1. Choose the View tab. 2. Click Slide Sorter in the Presentation Views group. 3. Double-click a slide to view it in Normal view. Print PowerPoint provides you with many printing options. You can print a large view of your slides or you can print your slides as handouts with 1, 2, 3, 4, 6, or 9 slides per page. You can also print your Notes pages or the Outline view of your slides. To print: 1. Click the Microsoft Office button. A menu appears. 2. Choose Print. 3. Click Print Preview.

4. Click the down arrow next to the Print What field in the Page Setup group and then select what you would like to print. A preview appears onscreen. 5. Click the Print . The Print dialog box appears. 6. Click the down arrow next to the Color/Grayscale field to select whether you want your slides to print in color, grayscale, or black and white. If you are using a black and white printer, choose black and white. You will use less ink or toner. 7. Click OK.

Print an Outline

1. Click the Microsoft Office button. A menu appears. 2. Choose Print. 3. Click Print Preview. The Print Preview tab appears.

4. Click the down arrow next to the Print What field in the Page Setup group and then select Outline View. 5. Click the Print button . The Print dialog box appears.

6. Click the down arrow next to the Color/Grayscale field to select whether you want your slides to print in color, grayscale, or black and white. If you are using a black and white printer, choose black and white. You will use less ink or toner.

7. Set the other print settings. 8. Click OK. Your outline prints. Print Your Slides 1. 2. 3. 4. 5. 6. Click the Microsoft Office button. A menu appears. Choose Print. Click Print Preview. The Print Preview tab appears. Click the down arrow next to the Print What field in the Page Setup group and then select Slides. Click the Print button . The Print dialog box appears. Click the down arrow next to the Color/Grayscale field to select whether you want your slides to print in color, grayscale, or black and white. If you are using a black and white printer, choose black and white. You will use less ink or toner. Set the other print settings. Click OK. Your slides print.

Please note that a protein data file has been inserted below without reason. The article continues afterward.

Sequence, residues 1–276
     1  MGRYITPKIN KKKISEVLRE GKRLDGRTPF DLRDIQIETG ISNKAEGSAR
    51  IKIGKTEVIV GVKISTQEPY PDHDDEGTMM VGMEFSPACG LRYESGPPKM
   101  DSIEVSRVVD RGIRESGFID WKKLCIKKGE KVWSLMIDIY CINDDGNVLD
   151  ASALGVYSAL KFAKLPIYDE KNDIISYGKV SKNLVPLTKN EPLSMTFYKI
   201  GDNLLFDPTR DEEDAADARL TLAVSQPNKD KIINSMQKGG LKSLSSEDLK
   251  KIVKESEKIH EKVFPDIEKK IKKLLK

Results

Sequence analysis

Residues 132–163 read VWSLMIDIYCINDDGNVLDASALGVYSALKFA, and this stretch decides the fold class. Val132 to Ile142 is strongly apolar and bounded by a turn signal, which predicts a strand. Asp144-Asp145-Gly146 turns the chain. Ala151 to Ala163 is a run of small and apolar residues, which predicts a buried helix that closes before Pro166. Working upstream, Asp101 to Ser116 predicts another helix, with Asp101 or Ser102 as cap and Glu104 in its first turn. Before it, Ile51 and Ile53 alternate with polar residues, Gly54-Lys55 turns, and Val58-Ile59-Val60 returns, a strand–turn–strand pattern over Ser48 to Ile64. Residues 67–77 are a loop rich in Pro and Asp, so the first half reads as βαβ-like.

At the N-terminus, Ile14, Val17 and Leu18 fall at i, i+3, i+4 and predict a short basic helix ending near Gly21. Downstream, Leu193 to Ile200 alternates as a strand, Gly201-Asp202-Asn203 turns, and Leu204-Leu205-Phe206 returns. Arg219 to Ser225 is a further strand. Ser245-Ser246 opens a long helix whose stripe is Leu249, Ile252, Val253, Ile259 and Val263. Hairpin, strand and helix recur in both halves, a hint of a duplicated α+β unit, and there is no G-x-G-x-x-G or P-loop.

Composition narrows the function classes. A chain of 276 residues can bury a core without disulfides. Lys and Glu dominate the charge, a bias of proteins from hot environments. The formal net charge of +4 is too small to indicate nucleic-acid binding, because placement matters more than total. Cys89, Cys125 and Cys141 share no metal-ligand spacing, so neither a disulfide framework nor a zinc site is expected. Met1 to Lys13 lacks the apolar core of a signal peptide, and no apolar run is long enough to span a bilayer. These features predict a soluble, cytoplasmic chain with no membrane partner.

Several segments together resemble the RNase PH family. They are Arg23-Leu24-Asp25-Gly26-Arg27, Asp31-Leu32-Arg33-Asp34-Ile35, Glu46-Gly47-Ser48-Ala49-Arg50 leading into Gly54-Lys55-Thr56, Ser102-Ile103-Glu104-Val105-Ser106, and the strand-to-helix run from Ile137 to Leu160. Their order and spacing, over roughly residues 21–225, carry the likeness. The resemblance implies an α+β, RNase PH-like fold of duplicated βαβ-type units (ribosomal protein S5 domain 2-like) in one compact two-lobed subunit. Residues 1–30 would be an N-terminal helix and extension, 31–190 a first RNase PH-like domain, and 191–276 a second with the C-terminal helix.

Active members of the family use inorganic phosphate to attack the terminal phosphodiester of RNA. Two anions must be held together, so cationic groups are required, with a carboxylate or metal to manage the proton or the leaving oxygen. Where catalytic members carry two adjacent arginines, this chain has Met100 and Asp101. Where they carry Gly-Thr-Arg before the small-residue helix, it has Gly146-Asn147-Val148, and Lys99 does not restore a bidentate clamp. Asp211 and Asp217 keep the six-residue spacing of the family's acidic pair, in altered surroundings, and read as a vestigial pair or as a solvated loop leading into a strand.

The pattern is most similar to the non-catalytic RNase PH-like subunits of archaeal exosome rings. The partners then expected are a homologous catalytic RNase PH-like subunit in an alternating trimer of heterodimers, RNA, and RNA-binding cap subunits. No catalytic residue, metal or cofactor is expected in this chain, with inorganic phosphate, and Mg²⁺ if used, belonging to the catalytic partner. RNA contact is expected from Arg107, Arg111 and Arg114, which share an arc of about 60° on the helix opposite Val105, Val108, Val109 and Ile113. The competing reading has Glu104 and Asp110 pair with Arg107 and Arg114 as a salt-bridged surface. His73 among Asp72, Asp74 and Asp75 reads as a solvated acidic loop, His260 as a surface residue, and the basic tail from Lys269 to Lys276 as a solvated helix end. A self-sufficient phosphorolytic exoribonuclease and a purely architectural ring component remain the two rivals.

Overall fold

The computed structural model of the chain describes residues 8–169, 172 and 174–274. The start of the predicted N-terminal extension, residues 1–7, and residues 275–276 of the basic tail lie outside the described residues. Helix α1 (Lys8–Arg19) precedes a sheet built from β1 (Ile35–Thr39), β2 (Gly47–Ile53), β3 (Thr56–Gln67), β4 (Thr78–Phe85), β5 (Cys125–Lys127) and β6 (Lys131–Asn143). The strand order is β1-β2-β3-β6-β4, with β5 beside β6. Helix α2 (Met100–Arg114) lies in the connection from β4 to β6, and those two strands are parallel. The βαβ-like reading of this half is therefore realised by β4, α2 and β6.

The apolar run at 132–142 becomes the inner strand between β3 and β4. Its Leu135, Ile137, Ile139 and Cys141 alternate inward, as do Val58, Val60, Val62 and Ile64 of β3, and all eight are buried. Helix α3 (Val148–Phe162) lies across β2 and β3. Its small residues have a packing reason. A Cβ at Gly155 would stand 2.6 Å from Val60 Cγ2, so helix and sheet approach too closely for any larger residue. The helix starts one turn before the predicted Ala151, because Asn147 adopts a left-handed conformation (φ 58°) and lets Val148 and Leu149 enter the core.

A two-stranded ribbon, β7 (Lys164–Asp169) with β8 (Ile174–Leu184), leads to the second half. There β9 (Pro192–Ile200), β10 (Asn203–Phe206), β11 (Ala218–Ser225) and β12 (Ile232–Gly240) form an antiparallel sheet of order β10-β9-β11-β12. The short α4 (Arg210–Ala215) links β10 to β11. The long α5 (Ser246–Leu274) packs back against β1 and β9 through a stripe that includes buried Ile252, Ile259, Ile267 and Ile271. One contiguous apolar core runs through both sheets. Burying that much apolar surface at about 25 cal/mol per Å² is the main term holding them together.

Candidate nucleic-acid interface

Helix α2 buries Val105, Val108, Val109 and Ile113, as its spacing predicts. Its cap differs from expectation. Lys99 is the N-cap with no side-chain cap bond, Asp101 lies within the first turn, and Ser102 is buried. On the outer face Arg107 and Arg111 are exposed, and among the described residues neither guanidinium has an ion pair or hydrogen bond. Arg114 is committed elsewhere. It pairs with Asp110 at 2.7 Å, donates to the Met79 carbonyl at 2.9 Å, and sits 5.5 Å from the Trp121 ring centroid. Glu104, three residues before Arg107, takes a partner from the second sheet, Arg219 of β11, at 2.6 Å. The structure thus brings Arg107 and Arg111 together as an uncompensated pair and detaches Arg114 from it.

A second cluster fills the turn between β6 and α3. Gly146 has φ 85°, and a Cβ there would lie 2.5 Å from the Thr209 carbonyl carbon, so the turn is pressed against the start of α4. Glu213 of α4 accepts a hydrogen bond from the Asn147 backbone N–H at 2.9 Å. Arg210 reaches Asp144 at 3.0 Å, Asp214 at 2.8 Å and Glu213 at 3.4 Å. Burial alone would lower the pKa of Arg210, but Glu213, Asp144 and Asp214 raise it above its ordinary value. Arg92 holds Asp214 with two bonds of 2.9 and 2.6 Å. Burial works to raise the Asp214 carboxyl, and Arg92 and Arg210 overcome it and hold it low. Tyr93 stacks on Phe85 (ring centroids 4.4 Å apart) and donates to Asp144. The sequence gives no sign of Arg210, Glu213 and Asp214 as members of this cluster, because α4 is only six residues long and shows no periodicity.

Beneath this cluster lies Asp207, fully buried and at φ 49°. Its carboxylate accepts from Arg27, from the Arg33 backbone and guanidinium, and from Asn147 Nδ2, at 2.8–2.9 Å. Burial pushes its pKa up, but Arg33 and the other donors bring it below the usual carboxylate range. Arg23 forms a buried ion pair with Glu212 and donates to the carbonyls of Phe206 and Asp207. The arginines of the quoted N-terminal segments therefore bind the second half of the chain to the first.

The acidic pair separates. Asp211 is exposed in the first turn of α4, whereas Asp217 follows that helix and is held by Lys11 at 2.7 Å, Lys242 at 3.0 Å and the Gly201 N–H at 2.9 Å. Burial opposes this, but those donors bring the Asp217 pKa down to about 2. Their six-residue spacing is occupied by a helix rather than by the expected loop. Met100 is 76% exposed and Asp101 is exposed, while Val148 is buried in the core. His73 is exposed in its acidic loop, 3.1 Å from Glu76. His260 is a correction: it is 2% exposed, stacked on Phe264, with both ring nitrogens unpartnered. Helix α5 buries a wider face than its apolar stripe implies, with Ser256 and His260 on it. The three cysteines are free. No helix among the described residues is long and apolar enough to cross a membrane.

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Print Your Slides as a Handout 1. 2. 3. 4. 5. 6. Click the Microsoft Office button. A menu appears. Choose Print. Click Print Preview. The Print Preview tab appears. Click the down arrow next to the Print What field in the Page Setup group and then select Handouts (4 slides per page). Click the Print button . The Print dialog box appears. Click the down arrow next to the Color/Grayscale field to select whether you want your slides to print in color, grayscale, or black and white. If you are using a black and white printer, choose black and white. You will use less ink or toner. Set the other print settings. Click OK. Your handouts print.